Photographic agencies that supply pictures to national newspapers are fuming over cuts to freelance photographers’ fees sparked by the recession.
News International, owner of The Sun and The Times, wrote to contributors saying the cutbacks were needed to stay competitive in the ‘current economic climate’.
Chris Johnson, treasurer of The National Association of News and Picture Agencies (NAPA), is angry that newspapers went ahead with the cuts without any consultation with agencies.
Johnson told us the fees are reminiscent of rates paid in the ‘mid-1990s’.
The reductions – said to be up to 40% – took effect on 9 February.
Contributors say they were informed that The Times, for example, would cut the rate for a news picture, measuring 0-10sq in, from £90 to £54, while the fee for an 11-25sq-inch image would drop from £130 to £90.
Photographers were notified of the reductions at the end of January – less than a fortnight before they took effect.
However, a spokeswoman for The Times told us it only imposed a ‘10%’ reduction, though this appears to be the rate for journalists’ copy, not pictures, according to a letter from the newspaper seen by AP.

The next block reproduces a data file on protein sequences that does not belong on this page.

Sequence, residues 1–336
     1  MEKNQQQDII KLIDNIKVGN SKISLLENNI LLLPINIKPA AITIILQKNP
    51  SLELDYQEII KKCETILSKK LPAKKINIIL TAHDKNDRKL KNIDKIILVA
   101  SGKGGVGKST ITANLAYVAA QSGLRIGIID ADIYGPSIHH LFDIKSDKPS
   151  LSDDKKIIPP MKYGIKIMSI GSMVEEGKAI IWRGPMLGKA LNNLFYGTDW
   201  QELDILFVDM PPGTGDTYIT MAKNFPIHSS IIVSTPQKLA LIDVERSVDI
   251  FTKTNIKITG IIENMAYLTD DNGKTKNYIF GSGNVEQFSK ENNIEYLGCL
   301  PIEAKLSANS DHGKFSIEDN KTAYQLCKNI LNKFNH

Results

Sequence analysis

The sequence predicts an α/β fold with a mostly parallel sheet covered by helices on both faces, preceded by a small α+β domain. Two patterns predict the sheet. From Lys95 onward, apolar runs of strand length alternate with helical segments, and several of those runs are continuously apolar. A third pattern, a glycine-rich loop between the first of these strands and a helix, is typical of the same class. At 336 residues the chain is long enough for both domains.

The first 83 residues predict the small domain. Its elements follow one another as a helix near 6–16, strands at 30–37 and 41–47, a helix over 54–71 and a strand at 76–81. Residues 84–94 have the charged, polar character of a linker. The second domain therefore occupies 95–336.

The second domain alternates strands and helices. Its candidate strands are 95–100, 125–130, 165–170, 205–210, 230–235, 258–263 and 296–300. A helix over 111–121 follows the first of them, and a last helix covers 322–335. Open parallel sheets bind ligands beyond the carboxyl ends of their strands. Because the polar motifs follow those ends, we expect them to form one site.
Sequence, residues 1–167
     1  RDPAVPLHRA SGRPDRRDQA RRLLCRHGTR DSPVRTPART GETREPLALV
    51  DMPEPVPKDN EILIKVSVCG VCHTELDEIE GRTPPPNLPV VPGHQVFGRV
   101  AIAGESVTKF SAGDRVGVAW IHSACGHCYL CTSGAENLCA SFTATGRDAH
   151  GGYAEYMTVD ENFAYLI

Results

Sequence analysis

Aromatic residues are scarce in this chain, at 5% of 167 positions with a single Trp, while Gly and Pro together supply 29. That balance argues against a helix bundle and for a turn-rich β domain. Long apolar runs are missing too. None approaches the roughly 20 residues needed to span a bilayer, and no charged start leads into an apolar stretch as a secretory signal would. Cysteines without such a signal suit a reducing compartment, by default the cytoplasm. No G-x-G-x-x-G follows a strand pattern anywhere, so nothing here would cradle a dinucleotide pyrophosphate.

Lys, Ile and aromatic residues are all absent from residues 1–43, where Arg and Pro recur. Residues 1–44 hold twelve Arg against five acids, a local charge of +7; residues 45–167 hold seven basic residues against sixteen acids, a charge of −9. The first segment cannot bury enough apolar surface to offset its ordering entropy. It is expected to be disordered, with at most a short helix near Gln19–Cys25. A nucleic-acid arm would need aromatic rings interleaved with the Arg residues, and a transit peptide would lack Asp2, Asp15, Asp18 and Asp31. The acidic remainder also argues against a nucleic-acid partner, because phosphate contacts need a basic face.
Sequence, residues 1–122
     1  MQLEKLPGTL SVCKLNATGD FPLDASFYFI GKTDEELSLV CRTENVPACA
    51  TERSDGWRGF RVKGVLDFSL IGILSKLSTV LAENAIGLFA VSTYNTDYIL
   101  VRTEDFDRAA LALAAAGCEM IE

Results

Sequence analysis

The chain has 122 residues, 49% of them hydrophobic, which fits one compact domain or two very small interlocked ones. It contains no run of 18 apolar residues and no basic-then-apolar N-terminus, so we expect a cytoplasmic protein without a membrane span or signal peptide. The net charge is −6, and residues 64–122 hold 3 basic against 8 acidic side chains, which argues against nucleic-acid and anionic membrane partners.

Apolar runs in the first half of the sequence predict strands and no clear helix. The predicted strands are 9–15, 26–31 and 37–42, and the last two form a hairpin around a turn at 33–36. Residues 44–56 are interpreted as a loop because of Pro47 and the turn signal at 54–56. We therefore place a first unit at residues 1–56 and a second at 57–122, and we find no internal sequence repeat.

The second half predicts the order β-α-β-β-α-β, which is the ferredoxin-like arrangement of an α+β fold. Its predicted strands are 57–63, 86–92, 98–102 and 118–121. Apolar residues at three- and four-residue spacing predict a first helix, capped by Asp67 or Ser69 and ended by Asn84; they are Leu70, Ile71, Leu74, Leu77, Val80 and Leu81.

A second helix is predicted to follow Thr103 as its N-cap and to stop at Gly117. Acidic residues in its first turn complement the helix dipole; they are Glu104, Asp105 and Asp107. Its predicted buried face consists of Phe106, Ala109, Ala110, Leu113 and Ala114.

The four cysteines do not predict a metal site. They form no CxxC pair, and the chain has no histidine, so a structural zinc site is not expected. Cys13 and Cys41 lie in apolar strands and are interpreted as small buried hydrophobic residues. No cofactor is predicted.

Amateur Photographer understands that, last week, 30 UK picture agencies attempted to resolve the dispute by individually approaching News International.
However, this tactic was met by a disappointing response from newspaper chiefs.
One agency boss, who did not want to be named, told us: ‘They [the newspapers] seem to have chosen to forget that they are the customer. In any normal transaction the supplier, not the customer, sets the price.’
He warned that, in the age of the internet, newspapers would be ‘writing their own death warrant’ if they ignore the ‘supreme importance’ of paying a fair rate for ‘quality content’.
In a statement, The Times newspaper told us: ‘The Times has reduced the rates it pays to freelance photographers. This reduction is specifically related to space rates not commission rates. The new rates have been implemented following the redesign of the paper.’ The newspaper’s Saturday edition was redesigned on 24 January.
We understand that NAPA plans to discuss the issue with the British Association of Picture Libraries and Agencies, and the National Union of Journalists, before deciding on its next move in the dispute.